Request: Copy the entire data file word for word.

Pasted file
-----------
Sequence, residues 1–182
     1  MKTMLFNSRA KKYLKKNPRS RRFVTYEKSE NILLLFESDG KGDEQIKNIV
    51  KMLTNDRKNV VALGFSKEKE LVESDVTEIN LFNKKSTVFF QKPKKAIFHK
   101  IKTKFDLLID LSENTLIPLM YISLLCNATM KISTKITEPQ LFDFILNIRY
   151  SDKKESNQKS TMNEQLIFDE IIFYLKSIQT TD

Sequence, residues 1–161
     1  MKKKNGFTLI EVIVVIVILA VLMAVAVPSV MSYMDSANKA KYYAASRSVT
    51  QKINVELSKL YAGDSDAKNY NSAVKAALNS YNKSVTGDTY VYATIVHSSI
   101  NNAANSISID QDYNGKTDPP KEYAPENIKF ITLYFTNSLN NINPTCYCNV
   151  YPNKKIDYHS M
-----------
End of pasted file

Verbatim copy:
Sequence, residues 1–182
     1  MKTMLFNSRA KKYLKKNPRS RRFVTYEKSE NILLLFESDG KGDEQIKNIV
    51  KMLTNDRKNV VALGFSKEKE LVESDVTEIN LFNKKSTVFF QKPKKAIFHK
   101  IKTKFDLLID LSENTLIPLM YISLLCNATM KISTKITEPQ LFDFILNIRY
   151  SDKKESNQKS TMNEQLIFDE IIFYLKSIQT TD

Sequence, residues 1–161
     1  MKKKNGFTLI EVIVVIVILA VLMAVAVPSV MSYMDSANKA KYYAASRSVT
    51  QKINVELSKL YAGDSDAKNY NSAVKAALNS YNKSVTGDTY VYATIVHSSI
   101  NNAANSISID QDYNGKTDPP KEYAPENIKF ITLYFTNSLN NINPTCYCNV
   151  YPNKKIDYHS M